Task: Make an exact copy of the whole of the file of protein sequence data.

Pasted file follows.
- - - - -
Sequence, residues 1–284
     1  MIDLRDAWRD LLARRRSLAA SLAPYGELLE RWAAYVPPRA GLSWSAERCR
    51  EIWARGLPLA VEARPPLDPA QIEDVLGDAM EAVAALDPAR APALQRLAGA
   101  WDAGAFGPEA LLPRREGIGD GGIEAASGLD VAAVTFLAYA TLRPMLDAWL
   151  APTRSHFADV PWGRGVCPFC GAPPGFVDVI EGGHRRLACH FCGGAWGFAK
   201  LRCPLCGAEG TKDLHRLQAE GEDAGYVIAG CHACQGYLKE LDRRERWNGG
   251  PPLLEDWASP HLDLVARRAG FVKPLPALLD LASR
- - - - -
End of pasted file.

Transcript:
Sequence, residues 1–284
     1  MIDLRDAWRD LLARRRSLAA SLAPYGELLE RWAAYVPPRA GLSWSAERCR
    51  EIWARGLPLA VEARPPLDPA QIEDVLGDAM EAVAALDPAR APALQRLAGA
   101  WDAGAFGPEA LLPRREGIGD GGIEAASGLD VAAVTFLAYA TLRPMLDAWL
   151  APTRSHFADV PWGRGVCPFC GAPPGFVDVI EGGHRRLACH FCGGAWGFAK
   201  LRCPLCGAEG TKDLHRLQAE GEDAGYVIAG CHACQGYLKE LDRRERWNGG
   251  PPLLEDWASP HLDLVARRAG FVKPLPALLD LASR